- Actaea (syn. Cimicifuga): Bugbane
- Actaea racemosa Black Cohosh
- Actaea racemosa ‘Atropurpurea’
- Actaea racemosa ‘Brunette’
- Actaea simplex ‘Hillside Black Beauty’
- Actaea simplex ‘Black Negligee’ – Black Bugbane
- Actaea simplex ‘Pink Spike’
- Actaea matsumurae ‘White Pearl’
- Actaea elata ‘Western Bugbane’
- Actaea pachypoda ‘Doll’s Eyes’
Actaea (syn. Cimicifuga): Bugbane
In spring, while pastel colored ephemerals dominate gardens around the city, Actaeas are beginning to emerge from dormancy. Varieties with jet black foliage provide excellent color contrast for other early blooming shade beauties.
In May and June, many gardens have reached their peak of bloom, while Acteas have filled in with lacy foliage in the background. Then in July, when it is becoming difficult to find flowers in shady areas, long spikes of fragrant white flowers which glow shockingly bright and seem to float in midair. The return of cool weather brings drying seed heads, their spiky outline still visible.
Black foliaged varieties are even darker when grown in full sun (with adequate water). Into the fall their foliage, black, and reliable as ever, lends beauty to late season interest plants such as Fuchsias, Aconitum, and grasses.
Green foliage varieties are less tolerant of hot sun, but continue to add height and texture to shade gardens until November. They combine well with hostas, calla lilies and black mondo grass.
Did you know? Bugbanes have recently been reclassified from Cimicifuga to Actaea. However they have been classified, they have been admired for many decades. Native Americans used Actaea racemosa (Black Cohosh) for snake bites, and it continues to be used in modern herbal medicine for a variety of ailments.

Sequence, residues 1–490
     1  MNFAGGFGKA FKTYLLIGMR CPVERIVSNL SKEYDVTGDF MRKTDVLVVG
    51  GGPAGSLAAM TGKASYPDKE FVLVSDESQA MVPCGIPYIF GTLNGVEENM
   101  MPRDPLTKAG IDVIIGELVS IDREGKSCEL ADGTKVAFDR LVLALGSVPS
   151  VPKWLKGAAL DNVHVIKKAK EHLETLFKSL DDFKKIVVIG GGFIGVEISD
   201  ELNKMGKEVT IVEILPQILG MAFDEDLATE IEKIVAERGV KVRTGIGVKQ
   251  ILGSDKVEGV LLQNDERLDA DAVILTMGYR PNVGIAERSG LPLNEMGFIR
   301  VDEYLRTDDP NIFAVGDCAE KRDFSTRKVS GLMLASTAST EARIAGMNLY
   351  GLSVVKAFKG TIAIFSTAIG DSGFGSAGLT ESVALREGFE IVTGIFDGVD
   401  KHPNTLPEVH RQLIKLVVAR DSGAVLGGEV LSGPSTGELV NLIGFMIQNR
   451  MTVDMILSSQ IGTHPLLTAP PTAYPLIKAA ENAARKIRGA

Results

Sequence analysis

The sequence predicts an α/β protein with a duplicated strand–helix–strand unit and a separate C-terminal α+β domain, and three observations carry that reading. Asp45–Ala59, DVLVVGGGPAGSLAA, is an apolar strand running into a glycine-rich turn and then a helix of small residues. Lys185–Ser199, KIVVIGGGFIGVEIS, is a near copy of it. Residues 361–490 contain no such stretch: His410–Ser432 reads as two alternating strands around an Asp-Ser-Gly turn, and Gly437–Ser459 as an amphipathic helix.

A few varieties you can find at Portland Nursery:
Actaea racemosa Black Cohosh
White flower spikes July-August, grows 5-7’ tall by 24” wide. Zones 3-8.
Actaea racemosa ‘Atropurpurea’
Of the purple leaf cultivars, this is the least purple (more like bronze) and the tallest at 5-6′.
Actaea racemosa ‘Brunette’
Darker foliage than ‘Atropurpurea’ but not as dark as ‘Hillside Black Beauty.’It still provides stunning foliage contrast. Occasional pink flowers instead of the usual white. 4-6’ tall.
Actaea simplex ‘Hillside Black Beauty’
The darkest-leaf and shortest selection of A. racemosa, one plant is a feature with glowing white blooms atop black leaves. Grows 3-5’ tall.
Actaea simplex ‘Black Negligee’ – Black Bugbane
Selections of A. spicata have more pleasantly fragrant flowers. Aside from fragrance, ‘Black Negligée’ is very similar to ‘Hillside Black Beauty.’ Grows 4-5’ tall.
Actaea simplex ‘Pink Spike’
A newer variety with fragrant pink flowers in late summer to early fall. Stunning dark foliage contrasts well with flower spikes and other plants in the garden. Grows 3-5′ tall 24″ wide in part sun. Hardy to zone 4.
Actaea matsumurae ‘White Pearl’
Very free flowering green leafed white flowered selection. Decorative (but very poisonous) black berries follow the flowers. A. simplex ‘White Pearl’ was recently reclassifed as A. matsumurae ‘White Pearl’.
Actaea elata ‘Western Bugbane’
Vigorous and more tolerant of drought than other species, green leaf, white flower, grows 3-7’ tall and 3’ wide. See our feature on this native Actaea
Actaea pachypoda ‘Doll’s Eyes’
Bizarre white berries with one black dot that resemble eyeballs hang on the flowering stems from summer through fall and into winter. Flowers are in compact balls rather than the showier long spikes of other species. Grows 30” tall and wide.